Disclaimer: I know none of these safety tips provide a guarantee against some jerk who wishes another person harm. I know a woman (or anyone else) doesn’t “deserve” to fall victim of a crime because of time, place, or dress. Like most sane individuals, victim-blaming makes me sick. However, these suggestions could help you have a more relaxing and enjoyable trip.
- Be more aware at night. I’m not gonna tell you to never leave your accommodation after the sun sets. That’s just ridiculous. Who doesn’t enjoy seeing a city aglow? When I traveled alone to Paris, I took an evening walking tour in Montmartre that was lovely. However, you should still remain aware of your surroundings and take a cab if necessary. This tip is also location dependent. Large international cities, like New York, always have people wandering and laughing in the streets. Therefore, walking at night is usually fine. Just research neighborhoods and crime rates ahead of time. Speaking of which …
- Familiarize yourself with crime rates. Most cities have areas that aren’t great safety wise. Know them ahead of time. But what if you’re unsure? Or get lost? For me, if I’m in an area I’m unfamiliar with, I usually scan for little kids and young mothers. Why? I figure if young children are around and unbothered, then the neighborhood can’t be that bad.
- Dress modestly. Argh, this tip pisses me off, but sadly dressing a certain way in certain countries will lead to stares, cat calling, and other stupid rage inducing forms of harassment. You might as well make things easier on yourself and err towards modesty, especially if you’re visiting more traditional parts of the world.
- Know the address of your local embassy or consulate. This is especially handy if you lose your passport or have a serious emergency.
- Leave your itinerary with friends and family. I always leave a rough itinerary behind. It’s simply good sense.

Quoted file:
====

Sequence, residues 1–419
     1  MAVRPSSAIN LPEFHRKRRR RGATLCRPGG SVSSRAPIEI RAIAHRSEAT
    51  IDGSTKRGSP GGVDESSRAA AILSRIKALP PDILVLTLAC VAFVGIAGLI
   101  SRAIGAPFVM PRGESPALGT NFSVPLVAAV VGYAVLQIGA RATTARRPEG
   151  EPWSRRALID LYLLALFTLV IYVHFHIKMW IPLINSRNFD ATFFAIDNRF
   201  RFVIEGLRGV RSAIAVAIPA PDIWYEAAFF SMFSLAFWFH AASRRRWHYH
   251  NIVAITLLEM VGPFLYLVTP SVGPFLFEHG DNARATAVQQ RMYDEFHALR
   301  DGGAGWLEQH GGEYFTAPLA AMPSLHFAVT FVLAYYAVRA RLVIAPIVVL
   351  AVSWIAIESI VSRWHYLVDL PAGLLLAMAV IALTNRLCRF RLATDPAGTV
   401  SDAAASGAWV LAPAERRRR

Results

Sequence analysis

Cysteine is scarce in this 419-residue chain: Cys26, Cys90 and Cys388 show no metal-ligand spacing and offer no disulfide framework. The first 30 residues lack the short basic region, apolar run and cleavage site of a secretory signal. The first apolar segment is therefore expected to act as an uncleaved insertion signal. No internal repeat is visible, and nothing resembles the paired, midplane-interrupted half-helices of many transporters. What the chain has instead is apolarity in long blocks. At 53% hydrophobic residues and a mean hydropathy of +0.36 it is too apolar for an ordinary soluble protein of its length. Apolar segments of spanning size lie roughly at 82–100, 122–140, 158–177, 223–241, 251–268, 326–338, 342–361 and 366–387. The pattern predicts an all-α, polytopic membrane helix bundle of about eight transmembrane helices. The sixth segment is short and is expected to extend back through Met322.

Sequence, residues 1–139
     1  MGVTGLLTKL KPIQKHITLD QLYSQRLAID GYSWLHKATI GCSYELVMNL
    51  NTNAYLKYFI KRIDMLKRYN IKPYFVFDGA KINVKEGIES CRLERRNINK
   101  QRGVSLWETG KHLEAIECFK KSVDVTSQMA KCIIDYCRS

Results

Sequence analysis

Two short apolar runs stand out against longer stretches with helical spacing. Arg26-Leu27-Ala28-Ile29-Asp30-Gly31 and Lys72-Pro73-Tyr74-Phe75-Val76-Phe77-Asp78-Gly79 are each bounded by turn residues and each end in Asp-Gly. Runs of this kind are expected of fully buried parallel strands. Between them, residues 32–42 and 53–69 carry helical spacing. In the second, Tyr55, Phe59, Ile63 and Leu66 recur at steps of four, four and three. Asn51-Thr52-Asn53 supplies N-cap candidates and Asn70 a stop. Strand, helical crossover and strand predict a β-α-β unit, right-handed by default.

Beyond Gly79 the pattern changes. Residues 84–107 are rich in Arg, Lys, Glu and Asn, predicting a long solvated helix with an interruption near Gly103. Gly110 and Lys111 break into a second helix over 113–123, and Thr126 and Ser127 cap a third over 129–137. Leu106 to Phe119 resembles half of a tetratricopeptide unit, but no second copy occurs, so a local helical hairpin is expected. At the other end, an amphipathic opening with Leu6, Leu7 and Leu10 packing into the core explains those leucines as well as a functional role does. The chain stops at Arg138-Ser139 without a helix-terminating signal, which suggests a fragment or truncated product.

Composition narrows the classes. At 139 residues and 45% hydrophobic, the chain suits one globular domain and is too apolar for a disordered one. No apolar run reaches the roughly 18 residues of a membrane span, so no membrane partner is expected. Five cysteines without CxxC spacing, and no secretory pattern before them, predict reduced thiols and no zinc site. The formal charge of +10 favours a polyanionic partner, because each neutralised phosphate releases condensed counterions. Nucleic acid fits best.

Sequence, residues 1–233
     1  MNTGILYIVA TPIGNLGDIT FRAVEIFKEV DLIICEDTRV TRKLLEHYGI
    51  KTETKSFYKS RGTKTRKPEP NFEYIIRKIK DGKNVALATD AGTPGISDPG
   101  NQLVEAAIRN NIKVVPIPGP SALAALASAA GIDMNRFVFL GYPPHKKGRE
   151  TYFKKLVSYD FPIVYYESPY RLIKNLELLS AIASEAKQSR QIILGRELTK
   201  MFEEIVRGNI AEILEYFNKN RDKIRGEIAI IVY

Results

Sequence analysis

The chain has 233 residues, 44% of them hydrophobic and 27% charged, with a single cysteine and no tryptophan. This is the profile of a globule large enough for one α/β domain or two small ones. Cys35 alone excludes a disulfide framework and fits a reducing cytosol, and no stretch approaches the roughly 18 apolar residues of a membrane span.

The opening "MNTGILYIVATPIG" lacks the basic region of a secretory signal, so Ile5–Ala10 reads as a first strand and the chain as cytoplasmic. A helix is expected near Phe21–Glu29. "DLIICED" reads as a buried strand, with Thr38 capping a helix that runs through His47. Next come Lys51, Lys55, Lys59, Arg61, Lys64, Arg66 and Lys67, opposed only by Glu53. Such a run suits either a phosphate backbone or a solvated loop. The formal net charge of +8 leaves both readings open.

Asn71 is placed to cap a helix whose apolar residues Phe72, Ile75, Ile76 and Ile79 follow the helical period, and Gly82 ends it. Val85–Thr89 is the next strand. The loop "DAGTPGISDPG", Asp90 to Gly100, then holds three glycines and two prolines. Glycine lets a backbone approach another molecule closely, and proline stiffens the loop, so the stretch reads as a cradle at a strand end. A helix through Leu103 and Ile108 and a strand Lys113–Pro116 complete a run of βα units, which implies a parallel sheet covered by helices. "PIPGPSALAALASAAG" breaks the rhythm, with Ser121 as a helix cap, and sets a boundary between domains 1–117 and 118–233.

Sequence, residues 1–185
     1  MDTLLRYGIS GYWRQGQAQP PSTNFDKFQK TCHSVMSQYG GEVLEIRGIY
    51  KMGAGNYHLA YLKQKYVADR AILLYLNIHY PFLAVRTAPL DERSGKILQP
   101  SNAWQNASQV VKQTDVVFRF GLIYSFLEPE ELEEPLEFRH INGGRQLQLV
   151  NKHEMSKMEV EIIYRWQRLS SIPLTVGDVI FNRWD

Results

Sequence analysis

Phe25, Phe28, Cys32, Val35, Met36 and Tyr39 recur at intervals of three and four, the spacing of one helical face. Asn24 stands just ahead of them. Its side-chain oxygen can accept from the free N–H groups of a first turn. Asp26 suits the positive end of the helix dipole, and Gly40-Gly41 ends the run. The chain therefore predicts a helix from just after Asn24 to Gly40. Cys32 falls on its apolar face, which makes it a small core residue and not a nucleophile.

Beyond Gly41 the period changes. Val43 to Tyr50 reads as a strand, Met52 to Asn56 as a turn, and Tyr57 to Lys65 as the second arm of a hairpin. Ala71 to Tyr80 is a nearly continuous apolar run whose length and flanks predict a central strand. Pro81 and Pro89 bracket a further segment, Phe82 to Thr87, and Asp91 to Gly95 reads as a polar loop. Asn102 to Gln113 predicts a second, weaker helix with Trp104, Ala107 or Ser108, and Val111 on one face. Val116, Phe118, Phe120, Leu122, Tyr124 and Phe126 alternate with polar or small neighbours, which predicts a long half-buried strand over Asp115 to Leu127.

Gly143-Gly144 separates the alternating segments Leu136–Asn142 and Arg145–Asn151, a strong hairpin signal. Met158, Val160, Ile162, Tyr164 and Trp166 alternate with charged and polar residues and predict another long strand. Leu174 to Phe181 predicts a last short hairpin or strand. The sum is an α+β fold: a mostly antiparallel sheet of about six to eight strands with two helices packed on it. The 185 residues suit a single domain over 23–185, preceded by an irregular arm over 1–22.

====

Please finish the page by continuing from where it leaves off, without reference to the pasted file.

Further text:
- Don’t flash your valuables. I really don’t care if your fiance bought you the biggest engagement bling ever, or if you just splurged at Saks for a “super cute” Chanel bag. I love fashion and jewelry, too. Perhaps too much, given the state of my closet. But save yourself the trouble and leave that crap at home. Valuables make you a target.
- Use common sense. Don’t think I need to elaborate much here.
Further Reading – Scared to Travel? Book A Tour
How should you reassure your loved ones?
Odds are, you’re gonna have friends or family expressing their concerns. Too many people think the world is not safe for solo female travelers. Listen to them. Even if you think their reasons are overdramatic and silly, you’re not going to score any points if you respond using anger or sarcasm. Here’s my advice for combating concern.
- Show them all your research. Use Lonely Planet and Rough Guides, as well as current information from travel blogs to compile a small research packet. Then calmly answer any questions.
- Promise to stay in touch. Get a phone plan and contact your family every day. A quick text can work wonders. I still text my parents every day that I’m away. Is it excessive? I don’t think so. It takes two minutes and makes everyone happy.
- Go anyway. If you’re paying for your trip and are no longer dependent on parents, then you need to do what’s best for you and go.
Further Reading – 5 Ways to Reassure Worried Family and Friends About Traveling
How can I make friends?
Solo travel doesn’t mean you’ll never speak to a soul in your new destination. Actually, it’s hard NOT to go a day without interacting with someone. There are many ways to meet other people. Book day trips or walking tours, and you’ll come into contact with other solo travelers looking to make friends. Use Couchsurfing’s city forums to meet people for coffee or lunch. Just weed out the creepers. Have a travel blog? Post in facebook groups and meet other bloggers. If you’re at a hostel, chill in the common room and make conversations. The possibilities are endless.
Also I haven’t tried Bumble BFF for traveling, but might experiment with it on my upcoming spring jaunt to Austin in April. For those who don’t know, Bumble BFF is a phone app that helps you connect with other women who are searching for friends.
Further Reading – Nervous Girl’s Guide to Meeting People when Traveling
Are you a solo female traveler? What’s your experience been like? What other information would you add to this guide? Also, some links are affiliate links, because such is the cost of webspace, haha.